More families are opting into eco-friendly and sustainable options to help reduce their impact on the environment, even in death. These alternatives to traditional funeral practices include biodegradable caskets, green burials, body farm burials, and aquamation, which is the liquid alternative to cremation.
These options are opening up a new realm of possibilities for families who wish to remember their loved one in a peaceful, calm setting, knowing that their loved ones’ bodies aren’t contributing to harming the environment.
Individuals concerned with eco-friendly burials often opt for something called green burials, where the body is laid to rest in a bio-degradable casket or shroud. No chemicals or preservatives can be used on the body, and the family can choose from a variety of live grasses or flowers to plant over the burial site. The grave is often dug by hand and the body can decompose naturally; these burials may also be performed outside of cemeteries with the oversight of a funeral director.
While these options are all relatively new to the funeral service industry, they are being welcomed with open arms by clients, providing a promising step forward in the first of many funeral innovations in a changing world.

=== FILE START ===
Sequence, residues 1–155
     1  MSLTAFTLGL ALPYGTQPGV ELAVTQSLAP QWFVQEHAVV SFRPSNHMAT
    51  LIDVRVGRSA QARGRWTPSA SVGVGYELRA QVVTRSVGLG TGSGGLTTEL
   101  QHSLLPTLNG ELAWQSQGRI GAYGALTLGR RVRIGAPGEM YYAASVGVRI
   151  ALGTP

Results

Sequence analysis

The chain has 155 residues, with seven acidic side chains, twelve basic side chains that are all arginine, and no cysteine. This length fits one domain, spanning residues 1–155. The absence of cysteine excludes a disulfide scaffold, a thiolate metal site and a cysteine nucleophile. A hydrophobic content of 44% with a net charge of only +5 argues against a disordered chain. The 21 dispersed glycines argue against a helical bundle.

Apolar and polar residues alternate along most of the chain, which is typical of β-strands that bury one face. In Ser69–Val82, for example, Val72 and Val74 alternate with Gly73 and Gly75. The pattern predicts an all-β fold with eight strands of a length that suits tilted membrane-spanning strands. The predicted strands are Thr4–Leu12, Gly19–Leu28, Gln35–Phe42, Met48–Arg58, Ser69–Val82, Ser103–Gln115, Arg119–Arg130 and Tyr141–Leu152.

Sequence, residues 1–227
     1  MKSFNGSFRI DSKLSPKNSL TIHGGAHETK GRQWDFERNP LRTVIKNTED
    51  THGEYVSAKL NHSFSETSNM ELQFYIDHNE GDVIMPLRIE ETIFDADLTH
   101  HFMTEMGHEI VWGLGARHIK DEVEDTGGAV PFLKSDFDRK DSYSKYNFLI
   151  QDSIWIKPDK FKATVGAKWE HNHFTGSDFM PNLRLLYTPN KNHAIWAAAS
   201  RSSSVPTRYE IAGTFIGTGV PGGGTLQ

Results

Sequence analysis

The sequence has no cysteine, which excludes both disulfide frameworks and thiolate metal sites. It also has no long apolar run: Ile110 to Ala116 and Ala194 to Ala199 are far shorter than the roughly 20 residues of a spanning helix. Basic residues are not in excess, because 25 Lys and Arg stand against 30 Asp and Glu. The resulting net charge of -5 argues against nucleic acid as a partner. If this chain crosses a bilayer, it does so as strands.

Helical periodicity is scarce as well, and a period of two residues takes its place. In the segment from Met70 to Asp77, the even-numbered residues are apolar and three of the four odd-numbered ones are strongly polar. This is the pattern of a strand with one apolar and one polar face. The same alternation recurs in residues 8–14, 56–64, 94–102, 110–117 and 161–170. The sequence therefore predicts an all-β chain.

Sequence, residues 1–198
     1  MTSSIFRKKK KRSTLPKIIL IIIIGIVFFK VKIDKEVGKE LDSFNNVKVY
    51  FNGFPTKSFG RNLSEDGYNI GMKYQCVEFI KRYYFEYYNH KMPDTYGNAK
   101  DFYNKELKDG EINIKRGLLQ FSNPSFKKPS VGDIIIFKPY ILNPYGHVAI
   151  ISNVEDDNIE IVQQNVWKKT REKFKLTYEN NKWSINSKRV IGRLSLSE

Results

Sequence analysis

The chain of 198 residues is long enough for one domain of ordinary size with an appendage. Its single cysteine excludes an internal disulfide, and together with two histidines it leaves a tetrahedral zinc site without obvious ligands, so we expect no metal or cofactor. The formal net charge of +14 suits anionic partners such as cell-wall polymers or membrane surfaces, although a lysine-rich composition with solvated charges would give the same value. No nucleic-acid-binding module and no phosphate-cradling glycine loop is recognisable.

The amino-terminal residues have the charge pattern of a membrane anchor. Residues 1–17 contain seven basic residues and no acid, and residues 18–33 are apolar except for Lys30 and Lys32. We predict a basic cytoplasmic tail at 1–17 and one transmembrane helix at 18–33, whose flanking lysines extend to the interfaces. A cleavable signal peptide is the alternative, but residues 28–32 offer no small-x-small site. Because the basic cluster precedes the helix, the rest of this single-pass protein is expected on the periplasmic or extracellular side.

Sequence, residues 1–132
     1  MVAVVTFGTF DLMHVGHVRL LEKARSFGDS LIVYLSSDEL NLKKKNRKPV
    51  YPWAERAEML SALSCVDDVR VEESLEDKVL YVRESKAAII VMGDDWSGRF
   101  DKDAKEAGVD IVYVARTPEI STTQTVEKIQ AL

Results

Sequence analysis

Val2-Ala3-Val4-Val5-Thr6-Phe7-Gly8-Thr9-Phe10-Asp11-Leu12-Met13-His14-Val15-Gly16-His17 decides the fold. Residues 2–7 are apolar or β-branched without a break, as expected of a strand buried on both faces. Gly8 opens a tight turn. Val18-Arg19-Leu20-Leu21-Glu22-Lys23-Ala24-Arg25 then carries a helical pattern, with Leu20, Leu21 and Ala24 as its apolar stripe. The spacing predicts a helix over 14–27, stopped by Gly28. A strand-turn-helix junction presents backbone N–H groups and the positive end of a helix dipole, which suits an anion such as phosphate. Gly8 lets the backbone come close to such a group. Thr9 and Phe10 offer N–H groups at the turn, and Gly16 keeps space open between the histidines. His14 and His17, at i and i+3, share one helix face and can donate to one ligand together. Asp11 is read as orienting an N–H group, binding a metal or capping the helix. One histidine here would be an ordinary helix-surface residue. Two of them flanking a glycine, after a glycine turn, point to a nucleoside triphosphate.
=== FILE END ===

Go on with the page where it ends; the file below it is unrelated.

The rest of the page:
As the industry shifts, the families of the deceased will be able to better articulate what they’re looking for, no longer held to the standards of tradition, and better able to consider what their loved one would have wanted to be remembered by how they lived their life.
Personalized and Meaningful Services
Funeral homes have changed little in the recent decades. Still, many franchises and small homes alike offer the same somber funeral service that everyone has come to associate with death. The viewing, which may or may not be open casket, is followed by a quiet, somber memorial service. People cry, emotions run high, and everyone shuffles outside to watch the burial.
This has a retro, familiar feel for many people, and many people might still prefer this atmosphere to alternative or new funeral services, as it brings some normalcy back to their lives. Over the past few years, however, demand begun to increase for funerals that celebrated the deceased’s life, rather than remembered them in a way that emphasizes the feelings of grief and loneliness for the living.